Deaths from ‘Friendly Fire’ Common in Modern Warfare
WASHINGTON (AP) _ Deaths from ″friendly fire″ are common - and probably inevitable - in the rocket and missile battles of complex modern warfare.
Persian Gulf commander Norman Schwarzkopf knows this cruel irony of war. In Vietnam, he says, ″I’ve been bombed by our own Air Force.″
But it isn’t always possible to establish whether troops were killed by fire directed by the enemy or by their own side.
In the gulf, a U.S. military investigative team was trying to determine if some of the 11 Marines killed in a battle with Iraqi troops Tuesday were hit by American or allied forces.
″There’s a very good possibility that we’ll never know the answer,″ Pentagon spokesman Pete Williams told reporters Friday. ″There are times where you simply can’t tell the direction from which fire came. ... We’ll either know that it was friendly fire, enemy fire, or we won’t know.″
One Pentagon source said the rationale for the investigation includes the fact that a hole in one of the Marines’ vehicles came from a 30mm gun, the weapon aboard the Air Force’s A-10 antitank ″warthog.″ The source spoke on condition of anonymity.
In Tuesday night’s fighting, Marines and Iraqis squared off in close ground fire, at times coming within 25 yards of each other, pool reporters said.
The military team is investigating the possibility that some of the Marines died from a missile fired by a U.S. warplane that struck a U.S. light armored vehicle.
During the Vietnam War, there were 90 friendly fire incidents caused by bombing from the air and artillery on the ground, according to a study by Army Lt. Col. Charles R. Shrader. That compared with 173 in World War II.
The military doesn’t break out casualty figures resulting from U.S. troops accidentally firing on their compatriots.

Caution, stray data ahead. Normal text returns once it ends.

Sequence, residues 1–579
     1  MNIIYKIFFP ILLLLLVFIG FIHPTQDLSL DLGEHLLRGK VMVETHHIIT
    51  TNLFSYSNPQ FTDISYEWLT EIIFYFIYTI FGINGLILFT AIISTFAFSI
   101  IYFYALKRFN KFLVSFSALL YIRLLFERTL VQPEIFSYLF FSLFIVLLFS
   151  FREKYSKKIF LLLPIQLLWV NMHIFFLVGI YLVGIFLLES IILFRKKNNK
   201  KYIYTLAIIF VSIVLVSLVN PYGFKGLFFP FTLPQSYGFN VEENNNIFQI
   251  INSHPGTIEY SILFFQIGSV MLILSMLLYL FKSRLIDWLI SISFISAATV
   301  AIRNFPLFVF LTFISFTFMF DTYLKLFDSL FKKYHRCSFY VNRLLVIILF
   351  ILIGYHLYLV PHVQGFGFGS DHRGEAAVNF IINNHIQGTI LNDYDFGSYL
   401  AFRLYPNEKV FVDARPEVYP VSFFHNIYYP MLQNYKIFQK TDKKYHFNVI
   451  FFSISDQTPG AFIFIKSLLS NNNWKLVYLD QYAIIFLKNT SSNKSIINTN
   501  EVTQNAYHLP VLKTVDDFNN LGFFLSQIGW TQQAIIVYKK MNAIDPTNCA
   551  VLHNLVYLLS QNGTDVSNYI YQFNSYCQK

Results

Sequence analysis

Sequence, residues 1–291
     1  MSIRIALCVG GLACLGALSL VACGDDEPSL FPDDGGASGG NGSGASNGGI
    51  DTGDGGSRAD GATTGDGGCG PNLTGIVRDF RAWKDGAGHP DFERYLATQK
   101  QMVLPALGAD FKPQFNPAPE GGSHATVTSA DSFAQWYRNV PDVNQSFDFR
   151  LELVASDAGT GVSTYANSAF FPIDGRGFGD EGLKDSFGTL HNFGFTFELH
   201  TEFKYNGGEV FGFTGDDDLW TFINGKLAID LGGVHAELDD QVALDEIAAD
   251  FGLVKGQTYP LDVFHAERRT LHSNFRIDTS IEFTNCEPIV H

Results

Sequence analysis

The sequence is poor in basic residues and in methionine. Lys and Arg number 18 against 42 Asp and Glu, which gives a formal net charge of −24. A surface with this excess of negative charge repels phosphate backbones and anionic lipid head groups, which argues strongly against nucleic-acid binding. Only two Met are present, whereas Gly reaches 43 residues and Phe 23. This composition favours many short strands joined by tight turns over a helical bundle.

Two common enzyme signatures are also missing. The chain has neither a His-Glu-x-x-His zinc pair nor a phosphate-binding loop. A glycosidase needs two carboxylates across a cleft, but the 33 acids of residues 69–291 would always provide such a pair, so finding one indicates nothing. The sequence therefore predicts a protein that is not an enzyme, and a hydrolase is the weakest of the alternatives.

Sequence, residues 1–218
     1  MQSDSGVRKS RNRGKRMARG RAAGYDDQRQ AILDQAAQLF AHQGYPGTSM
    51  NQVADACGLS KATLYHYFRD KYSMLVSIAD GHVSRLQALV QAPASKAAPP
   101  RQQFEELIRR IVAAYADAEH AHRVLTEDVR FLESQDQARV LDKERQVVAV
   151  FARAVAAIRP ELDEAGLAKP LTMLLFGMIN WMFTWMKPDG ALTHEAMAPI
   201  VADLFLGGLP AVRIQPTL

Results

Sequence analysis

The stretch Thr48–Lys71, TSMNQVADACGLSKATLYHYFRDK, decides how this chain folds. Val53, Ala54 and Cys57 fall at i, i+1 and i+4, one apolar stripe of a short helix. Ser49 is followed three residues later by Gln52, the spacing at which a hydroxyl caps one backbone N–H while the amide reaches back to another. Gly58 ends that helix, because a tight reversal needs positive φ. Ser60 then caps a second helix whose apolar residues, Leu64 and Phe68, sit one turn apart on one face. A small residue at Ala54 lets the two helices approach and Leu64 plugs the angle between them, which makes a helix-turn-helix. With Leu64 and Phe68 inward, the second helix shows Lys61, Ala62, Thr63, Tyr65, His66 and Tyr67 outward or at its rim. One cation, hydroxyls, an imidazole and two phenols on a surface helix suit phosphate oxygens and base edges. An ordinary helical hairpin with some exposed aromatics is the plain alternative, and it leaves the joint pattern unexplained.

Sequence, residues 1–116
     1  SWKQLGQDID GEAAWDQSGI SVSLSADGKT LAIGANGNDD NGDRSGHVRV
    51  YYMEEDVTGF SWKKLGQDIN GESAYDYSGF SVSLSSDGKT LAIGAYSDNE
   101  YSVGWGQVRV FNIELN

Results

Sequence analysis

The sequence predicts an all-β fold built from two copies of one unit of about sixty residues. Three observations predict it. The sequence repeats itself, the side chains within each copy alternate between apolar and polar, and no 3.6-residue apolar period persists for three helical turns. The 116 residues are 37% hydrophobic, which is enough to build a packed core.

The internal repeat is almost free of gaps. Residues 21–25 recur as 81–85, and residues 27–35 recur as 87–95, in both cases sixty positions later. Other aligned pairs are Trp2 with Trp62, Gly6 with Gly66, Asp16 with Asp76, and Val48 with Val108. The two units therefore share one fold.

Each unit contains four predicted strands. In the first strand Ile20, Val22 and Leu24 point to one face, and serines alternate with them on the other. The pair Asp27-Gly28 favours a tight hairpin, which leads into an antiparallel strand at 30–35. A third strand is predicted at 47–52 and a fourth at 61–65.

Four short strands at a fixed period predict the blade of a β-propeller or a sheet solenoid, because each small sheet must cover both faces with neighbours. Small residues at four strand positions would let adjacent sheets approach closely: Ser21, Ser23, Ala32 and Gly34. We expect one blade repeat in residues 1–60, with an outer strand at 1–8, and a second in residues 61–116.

The Pentagon’s official figure for U.S. service personnel killed during the Vietnam War is 58,151, of whom 47,355 died directly in combat. The remaining 10,796 are listed as ″other,″ which means deaths due to aircraft accidents, drunken driving, suicides - and friendly fire.
Schwarzkopf was a target of friendly fire in one Vietnam incident and was bitterly blamed for causing a death in another, which was highly publicized.
″I was bombed by B-52s one time in Vietnam,″ he told reporters at a briefing in Riyadh, Saudi Arabia, last Sunday. ″They were coming towards us. They did a marvelous job of dropping all their bombs, and then one (bomb) rack hung up and it released over my position.″
During Schwarzkopf’s second Vietnam tour, he commanded an infantry battalion in which a young GI was killed by a U.S. artillery shell that went astray. The incident was the basis for a book and a movie called ″Friendly Fire″.
They relate how an Iowa farm couple, outraged by the death of their son, Sgt. Michael Mullen, become fervent opponents of the war and blame Schwarzkopf for covering up alleged irregularities in the young man’s death.
Author C.D.B. Bryan, who did extensive interviews with Schwarzkopf, vindicated him of wrongdoing and described him as a man deeply disturbed by the tragedies of war.
″War is a profanity, it really is,″ Schwarzkopf is quoted as saying. ″It’s terrifying. Nobody is more antiwar than an intelligent person who’s been to war.″
Soldiers in Saudi Arabia, Kuwait and Iraq could be especially vulnerable to friendly fire incidents, since it can be difficult to identify troops or locations in the desert.
Friendly fire casualties occurred during the Soviet Union’s war in Afghanistan, where the Soviets bombed their own troops in the desert.
Around 20 percent of Israeli casualties in Lebanon in 1982 were said to be due to friendly fire.
At the Pentagon Friday, Lt. Gen. Thomas Kelly, director of operations for the Joint Chiefs of Staff, put it this way:
″When a bullet leaves a gun, it doesn’t have any friends. It’s going to go where it’s going to go.″